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Posts tagged: Idaho Medicaid

Federal judge halts one Medicaid cost-saving move, for now

A judge says Idaho can't switch to just one provider for some types of Medicaid services for the developmentally disabled until the Centers for Medicare and Medicaid Services decides whether the practice complies with federal law, the Associated Press reports. The decision from U.S. District Judge B. Lynn Winmill was handed down Thursday — just one day before the state's contract with Community Partnerships of Idaho was to go into effect. The ruling keeps dozens of other residential habilitation companies across Idaho in business, at least for now; click below for a full report from AP reporter Rebecca Boone.

Medicaid patients sue over change to certified family home regulation

Two men with developmental disabilities and their guardians are suing the state over a recent money-changing change to Idaho's Medicaid program, saying the state is violating their right to freely choose providers, the Associated Press reports. The two are seeking class-action status on behalf of all residents of Medicaid-covered certified family homes in Idaho. Idaho decided this year to contract with just one agency, rather than dozens, to oversee the state's 1,800 certified family homes; the move is expected to save the state $800,000, though it also means far fewer inspections of the homes and other changes. Click below for a full report from AP reporter Rebecca Boone.

How bad it could be…

The Medicaid shortfall that Idaho could face next year could require cutting as much as $500 million out of the state’s Medicaid program, Idaho Health & Welfare Director Dick Armstrong told the Legislature’s health care task force today, including $130 million in state funds. There are already about $75 million in cuts in Medicaid in the works to save money, from cutting rates paid to hospitals and nursing homes to trimming mental health benefits; if the larger shortfall materialized, those cuts would be just the tip of the iceberg. “Some of this is rather bad health policy, but we don’t have a choice at this point - we have to have a balanced budget,” Armstrong told lawmakers. “There will be lawsuits, there will be challenges. … As we look ahead, we are clearly very concerned about this all. This is a huge change that has to be made, and it will not be easy.”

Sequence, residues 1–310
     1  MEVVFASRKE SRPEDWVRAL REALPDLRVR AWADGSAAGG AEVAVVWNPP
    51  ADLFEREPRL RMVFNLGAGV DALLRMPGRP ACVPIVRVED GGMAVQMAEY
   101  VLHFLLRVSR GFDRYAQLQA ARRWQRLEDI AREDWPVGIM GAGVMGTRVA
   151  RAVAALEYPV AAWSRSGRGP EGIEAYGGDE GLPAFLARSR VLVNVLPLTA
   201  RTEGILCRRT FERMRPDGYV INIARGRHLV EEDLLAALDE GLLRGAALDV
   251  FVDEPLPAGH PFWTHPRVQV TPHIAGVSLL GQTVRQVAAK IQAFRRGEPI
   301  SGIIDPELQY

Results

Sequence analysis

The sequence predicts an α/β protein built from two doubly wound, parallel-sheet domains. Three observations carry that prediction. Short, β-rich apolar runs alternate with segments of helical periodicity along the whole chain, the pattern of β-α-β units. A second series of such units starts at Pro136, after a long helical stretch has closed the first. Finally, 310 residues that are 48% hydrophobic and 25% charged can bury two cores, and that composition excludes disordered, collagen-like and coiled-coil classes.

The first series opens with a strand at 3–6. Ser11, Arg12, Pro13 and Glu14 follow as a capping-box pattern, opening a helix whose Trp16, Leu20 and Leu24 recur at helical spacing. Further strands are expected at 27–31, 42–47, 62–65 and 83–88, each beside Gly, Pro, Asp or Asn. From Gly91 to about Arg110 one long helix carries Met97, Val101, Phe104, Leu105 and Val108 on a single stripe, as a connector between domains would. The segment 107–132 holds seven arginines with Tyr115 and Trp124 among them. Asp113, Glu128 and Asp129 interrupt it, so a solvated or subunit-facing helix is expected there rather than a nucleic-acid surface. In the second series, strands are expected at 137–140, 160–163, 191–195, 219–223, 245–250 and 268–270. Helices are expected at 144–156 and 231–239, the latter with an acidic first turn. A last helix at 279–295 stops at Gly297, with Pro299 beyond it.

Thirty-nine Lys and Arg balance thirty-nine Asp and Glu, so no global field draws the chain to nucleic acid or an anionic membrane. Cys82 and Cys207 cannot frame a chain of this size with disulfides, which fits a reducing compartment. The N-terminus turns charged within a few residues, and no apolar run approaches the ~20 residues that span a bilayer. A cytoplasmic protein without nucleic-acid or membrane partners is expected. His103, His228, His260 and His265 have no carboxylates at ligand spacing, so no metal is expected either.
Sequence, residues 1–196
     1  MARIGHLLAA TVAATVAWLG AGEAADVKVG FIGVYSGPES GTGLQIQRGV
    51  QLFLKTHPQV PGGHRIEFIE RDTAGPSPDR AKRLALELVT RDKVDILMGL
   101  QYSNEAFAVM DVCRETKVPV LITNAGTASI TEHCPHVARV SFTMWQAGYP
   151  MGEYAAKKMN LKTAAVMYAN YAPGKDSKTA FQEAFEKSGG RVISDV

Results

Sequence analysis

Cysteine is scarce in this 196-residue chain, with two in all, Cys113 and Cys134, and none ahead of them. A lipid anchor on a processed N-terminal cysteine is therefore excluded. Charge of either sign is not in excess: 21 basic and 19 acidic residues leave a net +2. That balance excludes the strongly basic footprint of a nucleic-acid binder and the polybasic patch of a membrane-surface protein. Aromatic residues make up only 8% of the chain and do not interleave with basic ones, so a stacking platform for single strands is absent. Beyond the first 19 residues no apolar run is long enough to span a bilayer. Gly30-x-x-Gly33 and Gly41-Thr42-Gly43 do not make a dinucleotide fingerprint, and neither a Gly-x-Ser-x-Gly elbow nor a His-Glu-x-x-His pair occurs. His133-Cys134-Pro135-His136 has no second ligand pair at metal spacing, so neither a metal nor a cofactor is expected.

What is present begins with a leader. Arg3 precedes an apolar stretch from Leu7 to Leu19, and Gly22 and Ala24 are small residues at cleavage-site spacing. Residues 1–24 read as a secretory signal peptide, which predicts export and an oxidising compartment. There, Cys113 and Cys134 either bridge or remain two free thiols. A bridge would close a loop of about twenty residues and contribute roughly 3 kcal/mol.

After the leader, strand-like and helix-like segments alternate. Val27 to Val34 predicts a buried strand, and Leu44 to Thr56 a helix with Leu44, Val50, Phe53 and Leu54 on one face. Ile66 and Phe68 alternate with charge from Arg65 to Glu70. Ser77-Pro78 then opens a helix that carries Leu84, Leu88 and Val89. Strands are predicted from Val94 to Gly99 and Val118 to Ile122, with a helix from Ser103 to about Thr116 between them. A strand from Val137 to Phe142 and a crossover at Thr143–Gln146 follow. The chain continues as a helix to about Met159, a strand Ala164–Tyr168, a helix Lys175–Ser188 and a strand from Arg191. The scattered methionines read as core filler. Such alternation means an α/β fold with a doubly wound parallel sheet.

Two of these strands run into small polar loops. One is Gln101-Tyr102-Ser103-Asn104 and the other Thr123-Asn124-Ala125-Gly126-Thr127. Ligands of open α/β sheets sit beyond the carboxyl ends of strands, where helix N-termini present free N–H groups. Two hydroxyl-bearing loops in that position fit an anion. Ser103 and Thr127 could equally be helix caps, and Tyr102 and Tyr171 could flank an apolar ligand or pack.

Those figures are based on a projection that the federal match rate for Medicaid - now boosted by the economic stimulus legislation to 79.18 percent, or nearly 80 cents in federal money for every 20 cents the state spends - will drop to 68.85 percent in 2011. That’d force Idaho to come up with millions more to fund the program, and anything for which the state can’t fund the match would have to be eliminated. It’s possible that the federal match rate might not drop after all, but Armstrong said Idaho won’t know until long after it’s had to set its state budget. “We have to put a budget forward based on what we know now,” he said. Sen. Nicole LeFavour, D-Boise, said that approach means “trying to make the most-vulnerable people, basically, pay to balance the budget.” Medicaid provides health coverage for Idaho’s poorest and disabled residents.

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Betsy Z. Russell covers Idaho news from The Spokesman-Review's bureau in Boise.

Named best state-based political blog in Idaho for 2013 by The Fix

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